Aisha W. California

Stop Unequal Education

Educational disparity in the U.S is at an all-time high. The gap is growing at disturbing rates now more than ever. Is the system already set to give high-achieving students from minority backgrounds a disadvantage?

Dear Next President:

The issue of unequal educational opportunity is rampant and a fierce topic that needs to be solved now. This is not matter that can simply be left to the Department of Education. Rather, it is one that needs to be publicized on a federal level. Elementary, middle, high school, and college students from disadvantaged backgrounds (low-income or minorities) are often marginalized. Their needs are neglected and they have been left to compete with their peers who might have access to private tutors, extra support classes, parents who are free to help them with homework or provide other parental aid.

The problem also arises at a young age. Often minority students are given lower educational expectations than their white peers. They are expected to perform at "lower levels."Could this be due to racial bias that is infiltrating the education system? This could be a plausible cause. These students maybe live in the inner-cities and poverty-stricken areas of town. Segregation has been long over, though, according to Pew Research data shows that non-white racial groups are often grouped separately in specific neighborhoods. This gives students who are living in these areas an obstacle to their education because they don’t have access to the extra support services. U.S Secretary of Education Arne Duncan described the funding that American school districts receive as “fundamentally separate and unequal,”  To a lesser extent, this comparison is similar to the same doctrine that allowed segregation and racist practices to be established as a backdoor to the fourteenth amendment.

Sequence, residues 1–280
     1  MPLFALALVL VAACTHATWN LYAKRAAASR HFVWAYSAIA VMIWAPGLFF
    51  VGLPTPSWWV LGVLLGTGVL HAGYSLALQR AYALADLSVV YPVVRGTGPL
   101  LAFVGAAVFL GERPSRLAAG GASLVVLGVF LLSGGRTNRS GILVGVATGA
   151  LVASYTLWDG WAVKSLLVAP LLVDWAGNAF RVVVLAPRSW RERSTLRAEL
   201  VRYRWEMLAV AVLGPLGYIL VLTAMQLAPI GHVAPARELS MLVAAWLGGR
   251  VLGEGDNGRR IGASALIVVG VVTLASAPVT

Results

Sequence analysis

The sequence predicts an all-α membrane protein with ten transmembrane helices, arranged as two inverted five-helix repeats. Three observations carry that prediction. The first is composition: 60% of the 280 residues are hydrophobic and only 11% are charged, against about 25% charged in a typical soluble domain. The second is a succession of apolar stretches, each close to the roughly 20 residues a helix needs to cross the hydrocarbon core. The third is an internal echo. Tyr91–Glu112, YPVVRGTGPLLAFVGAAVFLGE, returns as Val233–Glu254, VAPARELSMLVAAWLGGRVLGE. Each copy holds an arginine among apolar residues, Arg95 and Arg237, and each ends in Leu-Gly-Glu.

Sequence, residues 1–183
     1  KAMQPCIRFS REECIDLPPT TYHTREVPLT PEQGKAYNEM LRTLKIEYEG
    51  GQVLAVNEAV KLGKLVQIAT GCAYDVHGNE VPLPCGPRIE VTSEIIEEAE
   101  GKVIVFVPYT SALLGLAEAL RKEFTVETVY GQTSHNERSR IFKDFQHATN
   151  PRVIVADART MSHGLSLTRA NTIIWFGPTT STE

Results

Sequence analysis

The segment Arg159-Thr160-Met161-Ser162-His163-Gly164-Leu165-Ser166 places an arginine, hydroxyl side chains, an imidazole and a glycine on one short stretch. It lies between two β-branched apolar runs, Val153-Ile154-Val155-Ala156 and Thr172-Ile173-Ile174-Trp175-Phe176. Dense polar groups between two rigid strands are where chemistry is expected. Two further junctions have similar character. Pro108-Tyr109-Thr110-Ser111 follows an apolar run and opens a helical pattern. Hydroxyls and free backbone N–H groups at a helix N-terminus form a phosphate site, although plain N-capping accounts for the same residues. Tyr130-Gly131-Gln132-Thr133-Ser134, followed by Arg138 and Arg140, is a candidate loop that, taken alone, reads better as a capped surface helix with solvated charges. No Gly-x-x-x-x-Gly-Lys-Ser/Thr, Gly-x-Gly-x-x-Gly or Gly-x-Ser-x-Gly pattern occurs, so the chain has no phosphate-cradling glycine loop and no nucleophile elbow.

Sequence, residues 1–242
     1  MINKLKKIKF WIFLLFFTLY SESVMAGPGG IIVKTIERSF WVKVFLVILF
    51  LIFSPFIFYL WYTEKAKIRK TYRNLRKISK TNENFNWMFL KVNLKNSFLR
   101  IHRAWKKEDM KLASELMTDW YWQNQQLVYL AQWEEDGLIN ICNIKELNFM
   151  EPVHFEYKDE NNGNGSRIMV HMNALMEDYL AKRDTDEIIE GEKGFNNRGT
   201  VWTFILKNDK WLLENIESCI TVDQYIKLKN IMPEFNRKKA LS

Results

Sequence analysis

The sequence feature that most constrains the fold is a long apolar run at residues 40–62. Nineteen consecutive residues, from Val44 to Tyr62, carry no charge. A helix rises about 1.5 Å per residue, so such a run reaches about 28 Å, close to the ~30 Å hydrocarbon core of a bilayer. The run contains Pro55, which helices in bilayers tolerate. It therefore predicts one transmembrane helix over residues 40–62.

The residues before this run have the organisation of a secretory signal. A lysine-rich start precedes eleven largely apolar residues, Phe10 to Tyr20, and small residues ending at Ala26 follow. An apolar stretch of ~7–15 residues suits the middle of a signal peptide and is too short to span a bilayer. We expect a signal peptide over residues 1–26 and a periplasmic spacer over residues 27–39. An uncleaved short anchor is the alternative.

Though this unequal opportunity is not only limited to race, it affects students on class levels as well. In a report by the Hechinger Report, “Up to 40 percent of low-income students who are accepted to college in the spring never make it to the first day of class in the fall.” This is not solely due to the amount of tuition the colleges cost; this is due to lack of resources. Some may argue it’s because the lack of these student's motivation, but why would the statistics say otherwise?   Another argument that critics propose is that the new curriculum of Common Core is being implemented; therefore this should be reducing the disparity of the subjects that students learn.

Now imagine you are a student sitting in your first ever college class, next to classmates who are miles ahead of you in their journey towards college, even though you both have the same intellectual abilities. Then due to the utter loss of direction you decide to drop out of college. In essence, that student could be any of us who are minority or low income students.

As the next President of the United States, you must be in the fight to end these discriminatory institutional education practices that are occurring.  Otherwise it will result in grave consequences and negatively affect the next generations. The United States of America should be a nation that gives everyone the same opportunities to work for. We can put together our ideas and find a solution that works in the long-term and reduce the negative impact it will have on future global citizens.


Aisha Warsame

The Preuss School UCSD

Block 2

AP English Lit & Comp

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